In conclusion, non-coding RNAs such as SINEs are capable of affecting gene expression on a multitude of different levels and in different ways. Short-interspersed nuclear elements are believed to be deeply integrated into a complex regulatory network capable of fine-tuning gene expression across the eukaryotic genome.

The RNA coded by the short-interspersed nuclear element does not code for any protein product but is nonetheless reverse-transcribed and inserted back into an alternate region in the genome. For this reason, short interspersed nuclear elements are believed to have co-evolved with long interspersed nuclear element (LINEs), as LINEs do in fact encode protein products which enable them to be reverse- transcribed and integrated back into the genome. [4] SINEs are believed to have co-opted the proteins coded by LINEs which are contained in 2 reading frames. Open reading frame 1 (ORF 1) encodes a protein which binds to RNA and acts as a chaperone to facilitate and maintain the LINE protein-RNA complex structure. [18] Open reading frame 2 (ORF 2) codes a protein which possesses both endonuclease and reverse transcriptase activities. [19] This enables the LINE mRNA to be reverse-transcribed into DNA and integrated into the genome based on the sequence-motifs recognized by the protein's endonuclease domain.

LINE-1 (L1) is transcribed and retrotransposed most frequently in the germ-line and during early development as a result SINEs move around the genome most during these periods. SINE transcription is down-regulated by transcription factors in somatic cells after early development, though stress can cause up-regulation of normally silent SINEs. [20] SINEs can be transferred between individuals or species via horizontal transfer through a viral vector. [21]

SINEs are known to share sequence homology with LINES which gives a basis by which the LINE machinery can reverse transcribe and integrate SINE transcripts. [22] Alternately, some SINEs are believed to use a much more complex system of integrating back into the genome this system involves the use random double-stranded DNA breaks (rather than the endonuclease coded by related long-interspersed nuclear elements creating an insertion-site). [22] These DNA breaks are utilized to prime reverse transcriptase, ultimately integrating the SINE transcript back into the genome. [22] SINEs nonetheless depend on enzymes coded by other DNA elements and are thus known as non-autonomous retrotransposons as they depend on the machinery of LINEs, which are known as autonomous retrotransposons.< [23]

The theory that short-interspersed nuclear elements have evolved to utilize the retrotransposon machinery of long-interspersed nuclear elements is supported by studies which examine the presence and distribution of LINEs and SINEs in taxa of different species. [24] For example, LINEs and SINEs in rodents and primates show very strong homology at the insertion-site motif. [24] Such evidence is a basis for the proposed mechanism in which integration of the SINE transcript can be co-opted with LINE-coded protein products. This is specifically demonstrated by a detailed analysis of over 20 rodent species profiled LINEs and SINEs, mainly L1s and B1s respectively these are families of LINEs and SINEs found at high frequencies in rodents along with other mammals. [24] The study sought to provide phylogenetic clarity within the context of LINE and SINE activity.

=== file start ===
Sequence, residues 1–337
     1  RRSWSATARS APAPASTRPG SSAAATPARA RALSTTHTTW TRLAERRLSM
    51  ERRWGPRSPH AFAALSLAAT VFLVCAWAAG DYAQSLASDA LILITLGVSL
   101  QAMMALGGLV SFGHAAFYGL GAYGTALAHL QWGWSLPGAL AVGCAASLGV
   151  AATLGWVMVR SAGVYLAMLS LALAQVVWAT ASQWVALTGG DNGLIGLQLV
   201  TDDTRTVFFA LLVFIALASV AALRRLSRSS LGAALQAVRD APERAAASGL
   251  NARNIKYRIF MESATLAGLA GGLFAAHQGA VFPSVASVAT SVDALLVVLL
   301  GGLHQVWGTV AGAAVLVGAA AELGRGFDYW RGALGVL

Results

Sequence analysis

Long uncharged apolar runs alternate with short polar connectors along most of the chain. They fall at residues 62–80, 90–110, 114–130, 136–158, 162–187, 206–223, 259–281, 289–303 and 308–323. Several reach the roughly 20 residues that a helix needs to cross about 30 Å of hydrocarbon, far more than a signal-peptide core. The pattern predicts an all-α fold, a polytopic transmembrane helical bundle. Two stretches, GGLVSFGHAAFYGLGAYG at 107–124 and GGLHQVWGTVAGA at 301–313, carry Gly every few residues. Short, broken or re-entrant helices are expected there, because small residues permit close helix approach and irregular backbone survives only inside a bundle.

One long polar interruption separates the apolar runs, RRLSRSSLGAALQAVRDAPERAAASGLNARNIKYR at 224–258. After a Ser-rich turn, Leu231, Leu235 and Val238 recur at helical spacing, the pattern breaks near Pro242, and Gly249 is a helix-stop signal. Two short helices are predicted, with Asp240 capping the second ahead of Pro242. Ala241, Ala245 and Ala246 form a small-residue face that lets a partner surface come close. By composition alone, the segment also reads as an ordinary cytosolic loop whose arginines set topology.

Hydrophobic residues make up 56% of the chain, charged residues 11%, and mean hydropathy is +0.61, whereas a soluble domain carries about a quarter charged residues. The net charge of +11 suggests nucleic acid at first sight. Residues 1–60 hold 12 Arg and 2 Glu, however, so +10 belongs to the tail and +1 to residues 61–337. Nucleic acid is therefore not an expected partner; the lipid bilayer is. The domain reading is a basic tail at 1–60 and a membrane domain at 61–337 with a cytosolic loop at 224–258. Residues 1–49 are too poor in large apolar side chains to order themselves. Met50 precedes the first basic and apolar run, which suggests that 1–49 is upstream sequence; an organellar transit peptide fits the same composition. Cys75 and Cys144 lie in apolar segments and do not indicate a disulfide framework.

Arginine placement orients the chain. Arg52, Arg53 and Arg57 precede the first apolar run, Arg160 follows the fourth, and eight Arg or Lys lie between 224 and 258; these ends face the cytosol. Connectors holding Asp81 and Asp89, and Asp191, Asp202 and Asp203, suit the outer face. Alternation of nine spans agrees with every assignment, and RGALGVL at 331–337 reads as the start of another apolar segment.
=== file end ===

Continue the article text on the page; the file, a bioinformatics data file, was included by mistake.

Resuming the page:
The study arrived at a candidate taxa believed to be the first instance of L1 LINE extinction it expectedly discovered that there was no evidence to suggest that B1 SINE activity occurred in species which did not have L1 LINE activity. [24] Also, the study suggested that B1 short-interspersed nuclear element silencing in fact occurred before L1 long-interspersed nuclear element extinction this is due to the fact that B1 SINEs are silenced in the genus most-closely related to the genus which does not contain active L1 LINEs (though the genus with B1 SINE silencing still contains active L1 LINEs). [24] Another genus was also found which similarly contained active L1 long-interspersed nuclear elements but did not contain B1 short-interspersed nuclear elements the opposite scenario, in which active B1 SINEs were present in a genus which did not possess active L1 LINEs was not found. [24] This result was expected and strongly supports the theory that SINEs have evolved to co-opt the RNA-binding proteins, endonucleases, and reverse-transcriptases coded by LINEs. In taxa which do not actively transcribe and translate long-interspersed nuclear elements protein-products, SINEs do not have the theoretical foundation by which to retrotranspose within the genome. The results obtained in Rinehart et al. are thus very supportive of the current model of SINE retrotransposition.